Monday, July 26, 2010

Comet Aviation Inc.

One of the more interesting things we did back in that time period, happened to one of our pipeline companies which is similar to what is happening in the gulf now, but on a much smaller scale.  It seems that one day the folks that controlled the shipment of petroleum products in the pipelines got their orders for the day mixed up, and sent jet fuel and diesel oil in the same pipeline, but in opposing directions.  The pressure was so great, that the pipeline erupted and forty thousand gallons of number two diesel oil dumped into a small seven acre fishing lake in Kansas which was near the pipeline. 

This amounted to several inches of diesel oil floating at the surface of the lake.  Too bad Jerry Getz isn't around today, I'm sure he would come up with an idea.  He suggested to the cleanup crews that they could dig trenches on the four corners of the lake, and we could use our helicopters to sweep the lake with the rotor downwash and move the oil to the windward side and spill the oil into  the trenches.  They then pumped out the trenches and separated the oil from the water.  We did this for several days using a couple of helicopters. It's really amazing how well this worked, considering this was back in the late 60's.  Of course the owner of the fishing lake lost all of his fish stock, but at least the lake was usable a couple years later.   You will notice in the picture how the rotor downwash is pushing the oil on the surface outward from under the helicopter.  When hovering the helicopter sidewards, this would push the oil to the corners of the lake.  One of the last days of this operation, I had been flying all day at this lake.  The rotorwash did cause the air mixed with the oily water to reenter the rotor system and caused the helicopter to be covered with oil.  This made it very difficult to see out of the front of the helicopter, so I had to rely on my visibility out of the sides of the helicopter.  I was going to make one more pass over the lake and then return to the airport.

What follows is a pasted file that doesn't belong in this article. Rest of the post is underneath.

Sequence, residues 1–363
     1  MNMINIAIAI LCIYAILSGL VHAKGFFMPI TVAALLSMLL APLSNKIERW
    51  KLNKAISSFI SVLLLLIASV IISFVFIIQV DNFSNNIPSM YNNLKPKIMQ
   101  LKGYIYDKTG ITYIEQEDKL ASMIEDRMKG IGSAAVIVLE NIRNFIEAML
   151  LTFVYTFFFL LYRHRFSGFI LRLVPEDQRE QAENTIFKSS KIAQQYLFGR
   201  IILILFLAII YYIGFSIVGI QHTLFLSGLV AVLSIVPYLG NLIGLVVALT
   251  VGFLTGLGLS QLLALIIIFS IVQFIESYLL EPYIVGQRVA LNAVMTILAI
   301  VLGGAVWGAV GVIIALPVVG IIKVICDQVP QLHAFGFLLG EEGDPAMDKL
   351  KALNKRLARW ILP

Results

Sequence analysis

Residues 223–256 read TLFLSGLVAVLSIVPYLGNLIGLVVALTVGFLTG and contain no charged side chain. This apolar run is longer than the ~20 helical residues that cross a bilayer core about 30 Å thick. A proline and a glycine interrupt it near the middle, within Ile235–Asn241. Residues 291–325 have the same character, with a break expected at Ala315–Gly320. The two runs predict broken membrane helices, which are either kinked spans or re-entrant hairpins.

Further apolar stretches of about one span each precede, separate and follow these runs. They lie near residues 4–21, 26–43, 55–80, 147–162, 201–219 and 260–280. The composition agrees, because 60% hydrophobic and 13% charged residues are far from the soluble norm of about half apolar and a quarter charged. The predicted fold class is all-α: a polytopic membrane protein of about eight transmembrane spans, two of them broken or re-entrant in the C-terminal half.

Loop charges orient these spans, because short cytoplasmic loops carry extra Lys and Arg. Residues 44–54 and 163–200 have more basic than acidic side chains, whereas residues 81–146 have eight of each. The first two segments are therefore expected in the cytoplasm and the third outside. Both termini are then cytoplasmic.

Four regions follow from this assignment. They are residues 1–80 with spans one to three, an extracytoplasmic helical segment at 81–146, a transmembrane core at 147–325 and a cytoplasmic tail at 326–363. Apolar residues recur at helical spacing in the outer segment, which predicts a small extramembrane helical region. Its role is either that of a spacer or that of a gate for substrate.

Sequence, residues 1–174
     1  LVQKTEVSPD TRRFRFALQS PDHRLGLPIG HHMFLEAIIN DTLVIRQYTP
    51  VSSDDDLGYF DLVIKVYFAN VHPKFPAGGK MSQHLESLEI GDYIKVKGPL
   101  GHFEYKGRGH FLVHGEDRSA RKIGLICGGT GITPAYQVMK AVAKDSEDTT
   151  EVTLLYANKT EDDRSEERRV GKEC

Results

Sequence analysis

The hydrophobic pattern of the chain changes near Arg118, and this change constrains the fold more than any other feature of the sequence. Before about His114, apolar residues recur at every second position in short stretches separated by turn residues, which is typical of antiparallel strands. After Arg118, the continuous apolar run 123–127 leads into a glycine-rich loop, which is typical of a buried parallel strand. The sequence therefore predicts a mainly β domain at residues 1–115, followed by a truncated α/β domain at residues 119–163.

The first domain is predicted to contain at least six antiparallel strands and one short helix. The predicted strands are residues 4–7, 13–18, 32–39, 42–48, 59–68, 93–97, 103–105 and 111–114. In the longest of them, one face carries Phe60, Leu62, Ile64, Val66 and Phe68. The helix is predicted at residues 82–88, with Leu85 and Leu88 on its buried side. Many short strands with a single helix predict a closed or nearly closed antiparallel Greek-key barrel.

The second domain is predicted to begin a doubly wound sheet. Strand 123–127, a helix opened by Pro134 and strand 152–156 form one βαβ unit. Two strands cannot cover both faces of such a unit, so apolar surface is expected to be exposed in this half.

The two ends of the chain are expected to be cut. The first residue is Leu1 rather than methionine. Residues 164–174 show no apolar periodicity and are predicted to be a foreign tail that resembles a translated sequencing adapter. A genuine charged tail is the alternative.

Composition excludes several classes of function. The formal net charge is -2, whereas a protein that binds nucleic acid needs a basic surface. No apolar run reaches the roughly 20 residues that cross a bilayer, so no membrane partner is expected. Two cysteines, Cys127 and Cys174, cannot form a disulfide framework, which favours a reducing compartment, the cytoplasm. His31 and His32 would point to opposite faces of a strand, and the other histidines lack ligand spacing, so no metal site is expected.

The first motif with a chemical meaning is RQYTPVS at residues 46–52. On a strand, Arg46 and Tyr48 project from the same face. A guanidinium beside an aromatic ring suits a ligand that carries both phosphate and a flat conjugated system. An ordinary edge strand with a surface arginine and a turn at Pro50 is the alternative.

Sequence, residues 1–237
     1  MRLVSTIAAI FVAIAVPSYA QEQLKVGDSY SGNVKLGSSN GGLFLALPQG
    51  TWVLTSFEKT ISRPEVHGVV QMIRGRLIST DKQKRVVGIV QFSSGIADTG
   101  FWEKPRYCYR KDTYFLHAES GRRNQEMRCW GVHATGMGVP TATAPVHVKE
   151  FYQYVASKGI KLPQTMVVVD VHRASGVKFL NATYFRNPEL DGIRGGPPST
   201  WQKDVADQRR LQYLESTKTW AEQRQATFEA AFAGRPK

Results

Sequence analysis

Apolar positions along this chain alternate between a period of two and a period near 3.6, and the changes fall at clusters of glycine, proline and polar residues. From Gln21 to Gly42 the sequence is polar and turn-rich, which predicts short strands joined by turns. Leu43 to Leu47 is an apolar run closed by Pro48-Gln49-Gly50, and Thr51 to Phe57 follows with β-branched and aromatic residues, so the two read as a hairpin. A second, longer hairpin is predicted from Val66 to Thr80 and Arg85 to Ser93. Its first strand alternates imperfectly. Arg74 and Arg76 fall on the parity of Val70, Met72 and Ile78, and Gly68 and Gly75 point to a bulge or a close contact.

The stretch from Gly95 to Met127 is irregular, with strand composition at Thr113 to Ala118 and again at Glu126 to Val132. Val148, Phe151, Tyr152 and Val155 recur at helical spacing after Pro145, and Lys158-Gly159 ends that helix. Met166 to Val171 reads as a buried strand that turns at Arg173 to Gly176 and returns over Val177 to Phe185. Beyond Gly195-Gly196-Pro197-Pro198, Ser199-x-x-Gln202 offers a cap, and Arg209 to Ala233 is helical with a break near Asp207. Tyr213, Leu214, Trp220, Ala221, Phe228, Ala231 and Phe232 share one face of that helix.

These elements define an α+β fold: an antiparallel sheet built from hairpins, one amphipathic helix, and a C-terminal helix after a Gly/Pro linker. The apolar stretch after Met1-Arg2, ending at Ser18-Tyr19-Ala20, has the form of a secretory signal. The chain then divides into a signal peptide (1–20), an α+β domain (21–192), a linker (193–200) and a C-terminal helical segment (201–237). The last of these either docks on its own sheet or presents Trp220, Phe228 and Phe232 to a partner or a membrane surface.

Because it was hard to see out of the helicopter, when I made my approach to the lake, I decided that when I could see waves made by the rotor downwash, I would decrease my decent and establish a hover.  This almost became a disaster.  Actually the waves would not appear until after the helicopter is in a hover.  On the decent, I misjudged and actually sank the helicopter in the lake almost up to the floor of the helicopter.  When I realized what I had done, I instantly raised the helicopter out of the water and luck was on my side that day.  The good old Lycoming engine kept on running.  When I returned to the airport, the mechanics made a thorough inspection of the helicopter and nothing was found wrong.

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